4: Name a book (or books) in your personal collection that people would be surprised to see that you own.

I’m not sure I would surprise anyone with any books in my collection. I do have some poetry like Blue Horses by Mary Oliver and Great Goddesses and Fierce Fairytales by Nikita Gill. I just went to look and see what books surprised me and apparently I have The Stranger by Albert Camus, Franny and Zooey by J.D. Salinger, Dune by Frank Herbert, The Left Hand of Darkness by Ursula K. Le Guin.

5: What’s a book that you own that’s still on your TBR?

Too many to name but one that I’m pretty sure I’ve owned the longest but I’ve yet to actually read is a copy of Vicious by V.E. Schwab. I haven’t read any of her books yet and this is the only one I own!

 6. Name a book (or books) you desperately want to add to your personal library:

Ariel by Sylvia Plath, The Collected Poems by Sylvia Plath, Studio Ghibli art books, and the Nausicaa of the Valley of the Wind box set.

7: Any particular goals you have for your collection?

Here are some goals I have.

  1. Buy bookcases to fit all my books and get them off the floor.
  2. Unhaul books that I will probably never get around to (donating or selling books)
  3. Organize my books neatly once I get bookcases & more shelves
  4. Read more books from my own collection before buying/adding
  5. buy more books…
  6. Make it look nice!
  7. Get one of those book carts because they’re cute.

One day I would like to able to show off my shelves on IG and have my books look nice and have everything organized. Right now everything feels cluttered.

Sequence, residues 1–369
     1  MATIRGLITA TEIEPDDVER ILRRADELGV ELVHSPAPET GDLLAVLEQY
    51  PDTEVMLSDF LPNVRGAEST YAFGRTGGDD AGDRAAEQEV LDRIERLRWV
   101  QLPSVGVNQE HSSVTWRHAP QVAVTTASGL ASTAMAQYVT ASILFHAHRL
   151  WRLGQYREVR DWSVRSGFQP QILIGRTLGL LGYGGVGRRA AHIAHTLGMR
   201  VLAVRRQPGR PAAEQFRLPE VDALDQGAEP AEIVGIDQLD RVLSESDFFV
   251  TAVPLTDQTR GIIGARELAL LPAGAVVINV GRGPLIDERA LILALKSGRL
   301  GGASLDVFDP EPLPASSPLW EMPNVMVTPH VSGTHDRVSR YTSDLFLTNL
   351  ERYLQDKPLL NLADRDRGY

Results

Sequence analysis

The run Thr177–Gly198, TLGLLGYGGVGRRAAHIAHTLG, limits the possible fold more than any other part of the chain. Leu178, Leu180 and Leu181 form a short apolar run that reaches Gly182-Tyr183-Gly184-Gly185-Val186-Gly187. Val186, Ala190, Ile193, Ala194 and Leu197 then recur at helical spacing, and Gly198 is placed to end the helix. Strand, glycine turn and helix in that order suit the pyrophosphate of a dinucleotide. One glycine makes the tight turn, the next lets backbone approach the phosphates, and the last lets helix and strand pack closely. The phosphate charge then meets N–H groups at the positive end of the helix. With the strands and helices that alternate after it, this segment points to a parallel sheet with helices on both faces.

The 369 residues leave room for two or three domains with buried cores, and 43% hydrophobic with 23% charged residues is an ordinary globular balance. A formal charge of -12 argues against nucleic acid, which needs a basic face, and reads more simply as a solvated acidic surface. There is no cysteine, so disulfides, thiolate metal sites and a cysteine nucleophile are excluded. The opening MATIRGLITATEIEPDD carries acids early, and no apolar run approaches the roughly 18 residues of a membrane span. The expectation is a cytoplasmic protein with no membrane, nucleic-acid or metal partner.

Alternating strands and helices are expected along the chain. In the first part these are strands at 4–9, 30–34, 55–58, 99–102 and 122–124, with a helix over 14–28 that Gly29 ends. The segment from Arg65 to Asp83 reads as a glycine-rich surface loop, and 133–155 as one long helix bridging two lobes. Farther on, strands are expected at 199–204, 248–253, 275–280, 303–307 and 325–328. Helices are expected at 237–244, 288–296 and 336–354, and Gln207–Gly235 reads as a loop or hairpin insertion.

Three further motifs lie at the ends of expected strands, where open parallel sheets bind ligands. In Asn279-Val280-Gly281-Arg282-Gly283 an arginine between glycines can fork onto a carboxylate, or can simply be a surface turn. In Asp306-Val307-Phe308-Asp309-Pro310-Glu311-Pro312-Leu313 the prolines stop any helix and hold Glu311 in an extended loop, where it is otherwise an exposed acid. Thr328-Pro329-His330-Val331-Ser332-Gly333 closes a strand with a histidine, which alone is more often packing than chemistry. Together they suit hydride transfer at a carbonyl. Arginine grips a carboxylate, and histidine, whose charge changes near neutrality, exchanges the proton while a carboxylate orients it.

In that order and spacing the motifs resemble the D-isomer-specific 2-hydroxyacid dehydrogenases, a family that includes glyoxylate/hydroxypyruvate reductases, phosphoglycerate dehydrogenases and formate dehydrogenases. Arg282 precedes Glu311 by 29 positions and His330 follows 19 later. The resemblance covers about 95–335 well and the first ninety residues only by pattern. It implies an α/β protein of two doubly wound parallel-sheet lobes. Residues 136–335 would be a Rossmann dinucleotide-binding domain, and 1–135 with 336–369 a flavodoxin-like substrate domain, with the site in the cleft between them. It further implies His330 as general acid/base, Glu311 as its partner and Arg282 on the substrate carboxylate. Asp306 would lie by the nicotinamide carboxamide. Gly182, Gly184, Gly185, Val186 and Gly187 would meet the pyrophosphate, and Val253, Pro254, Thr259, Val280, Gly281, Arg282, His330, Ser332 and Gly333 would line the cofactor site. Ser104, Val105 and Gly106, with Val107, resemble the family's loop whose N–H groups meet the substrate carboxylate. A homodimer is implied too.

I enjoyed doing this tag! It made me process things in terms of my collection and what I need to do and not do with the books I have.

I’m going to tag Ally, Meaghan, and Chelsea. If anyone wants to do this feel free to consider yourself tagged by me! 🙂

The Recommendations Book Tag

Thank you so much to Ally for tagging me! I’m sorry that it’s taken me this long to post this! I have had this post on my mind for months now because for a while I didn’t think I had anything to actually recommend but I actually did??? But overall this is a mix of books I have read and books I want to read.


  • Tag Ally @ Ally Writes Things (Hey Ally hope you’re having a good day/night!)
  • Give at least one recommendation for each of the prompts below
  • If you don’t have a recommendation, talk about a book you want to read
  • Tag your friends


Piecing Me Together by Renée Watson

This is a book I used to talk about a lot on here and I still will. I think one of the biggest themes of this book is friendship since its involves Jade, the protagonist who is a Black girl who lives in poverty and Sam, a white girl who also lives in poverty. Their friendship is tested when a few things in the story happens that shows how Sam still benefits from white privilege despite being poor. Jade also develops a friendship/mentorship with an young Black woman named Maxine who doesn’t seem as interested in being a mentor to Jade at first and there is a stark class difference between the two. I highly recommend this for those who want to read more YA contemporary novels that revolve around Black girls and women.


Tender is the Flesh by Agustina Bazterrica; translated by Sarah Moses

I don’t really want to go into detail too much with this one, its just essentially a dystopian world where cannibalism is in and one dude is having a hard time with that. That’s my vaguest description of it but wow. This book is so horrifying. Which makes it a perfect read for anytime of the year and for any horror fan. It’s also a pretty quick read so it’s not too much to digest.